However, in most cases, the interventions which were undertaken did not lead to a better governance, but to the spread of unilateral and arbitrary relations of obedience. In the following paragraphs I argue why this change was doomed to failure and which are the determinants of this result. After the dissolution of the USSR, the former Soviet republics had to manage their administrative, political, economic, social aspects, etc. In other words, we are talking about the creation of new states in which the regulatory relations specific to the former regime continued to be used as key fundamentals in the context of new states.
Thus, until the old institutions are dismantled and replaced with new institutions, we can consider these states to be intermediate, transition-type states. The functioning of new states should represent the result of the initiation and implementation of systemic changes of regulatory, normative and cultural-cognitive relations in a shorter or longer period of time.
The major difference between the status of intermediate state and new state is that, in a new state, path dependencies in different public sectors are fully dismantled and replaced with new functional ones, which present more or less different arrangements. Therefore, in a new state, the new arrangements produce increasing profits by the fact that they continue, more or less, to meet social, economic, political and cultural requirements, while generating economic performance.
Figure 1 shows the process of removing an old path dependence and creation of a new path dependence for some of the former Soviet states, including the Republic of Moldova. A key element of the transition period is that during the change of path dependence, old and new relations coexist.
Institutional memory plays a key role in the process of dismantling and setting up a new path dependence. Its role is to guide the trajectory of change, stabilization and preservation of new arrangements. If during the transition considerations like restoring the arrangements of the previous state prevail, the institutional memory holds the position of "bridge over time" offering the opportunity to recourse to the old institutional arrangements, including the meanings of institutional myths Meyer and Rowan, Thus, based on artificial repositories of memory, institutional memory transfers relationships from past to the present.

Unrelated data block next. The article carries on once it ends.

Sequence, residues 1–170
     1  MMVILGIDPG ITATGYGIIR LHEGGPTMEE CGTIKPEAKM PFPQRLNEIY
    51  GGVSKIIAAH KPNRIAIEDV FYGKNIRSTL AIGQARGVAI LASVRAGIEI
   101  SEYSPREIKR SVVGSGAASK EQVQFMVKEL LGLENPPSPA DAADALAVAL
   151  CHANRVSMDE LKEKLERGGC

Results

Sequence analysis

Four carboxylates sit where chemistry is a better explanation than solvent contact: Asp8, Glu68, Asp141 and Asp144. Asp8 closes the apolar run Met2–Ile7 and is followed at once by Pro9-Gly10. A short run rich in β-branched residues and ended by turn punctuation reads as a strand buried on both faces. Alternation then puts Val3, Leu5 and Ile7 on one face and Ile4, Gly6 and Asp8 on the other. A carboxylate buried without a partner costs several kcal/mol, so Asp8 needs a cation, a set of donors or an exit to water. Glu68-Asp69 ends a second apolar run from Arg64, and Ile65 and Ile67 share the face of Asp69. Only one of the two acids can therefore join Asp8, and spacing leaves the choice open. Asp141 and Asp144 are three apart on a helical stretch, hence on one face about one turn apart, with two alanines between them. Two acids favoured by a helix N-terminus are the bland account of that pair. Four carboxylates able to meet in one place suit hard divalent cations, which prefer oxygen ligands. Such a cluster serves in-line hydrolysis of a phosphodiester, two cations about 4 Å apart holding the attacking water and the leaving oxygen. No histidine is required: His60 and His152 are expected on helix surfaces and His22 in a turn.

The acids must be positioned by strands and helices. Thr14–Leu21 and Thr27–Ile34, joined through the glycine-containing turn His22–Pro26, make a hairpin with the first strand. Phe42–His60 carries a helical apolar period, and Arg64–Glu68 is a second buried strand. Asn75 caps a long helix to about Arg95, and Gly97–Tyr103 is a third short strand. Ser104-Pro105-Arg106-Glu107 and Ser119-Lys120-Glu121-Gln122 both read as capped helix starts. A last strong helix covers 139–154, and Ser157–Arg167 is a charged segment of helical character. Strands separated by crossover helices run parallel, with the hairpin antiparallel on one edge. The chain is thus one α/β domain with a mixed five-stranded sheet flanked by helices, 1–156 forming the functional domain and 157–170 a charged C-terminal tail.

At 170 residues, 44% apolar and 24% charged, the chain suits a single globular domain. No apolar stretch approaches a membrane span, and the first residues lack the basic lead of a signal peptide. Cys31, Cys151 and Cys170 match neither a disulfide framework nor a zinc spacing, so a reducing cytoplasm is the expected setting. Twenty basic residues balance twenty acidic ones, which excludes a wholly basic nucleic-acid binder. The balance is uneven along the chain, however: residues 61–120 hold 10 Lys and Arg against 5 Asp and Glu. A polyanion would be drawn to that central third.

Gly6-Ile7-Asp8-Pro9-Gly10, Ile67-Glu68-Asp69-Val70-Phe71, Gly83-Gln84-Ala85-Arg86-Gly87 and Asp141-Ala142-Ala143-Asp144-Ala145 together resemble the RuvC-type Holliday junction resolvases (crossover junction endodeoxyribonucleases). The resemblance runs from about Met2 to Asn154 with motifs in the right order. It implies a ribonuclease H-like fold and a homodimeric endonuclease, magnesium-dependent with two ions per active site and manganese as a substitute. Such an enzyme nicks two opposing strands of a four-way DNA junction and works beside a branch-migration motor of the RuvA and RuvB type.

According to Herbert Simon, organizations need artificial memories far more than individuals, that would lead in time to further perpetuate habits, routines, common understandings, etc. Simon, Old relations, maintained through institutional agents are refitted in a process of re- updating and adaptation to the new economic and social context Zucker, The refitted relations, together with other new relationships, form the range of options available for setting up a new path dependence.
Institutional memory is more prominent in higher education institutions, due to the fact that universities are "historic" agents with relative continuity Dobbins and Knill, Such institutional memory forms the foundations of system governance in which interested agents contribute either to accelerating the change process and then to reducing its scale, or just to reducing the scale of change. Even some foreign models characterized by high performance and quality are repelled by resistance and institutional inertia, if they intend to change the dominant institutional arrangements within the limits of the path dependence.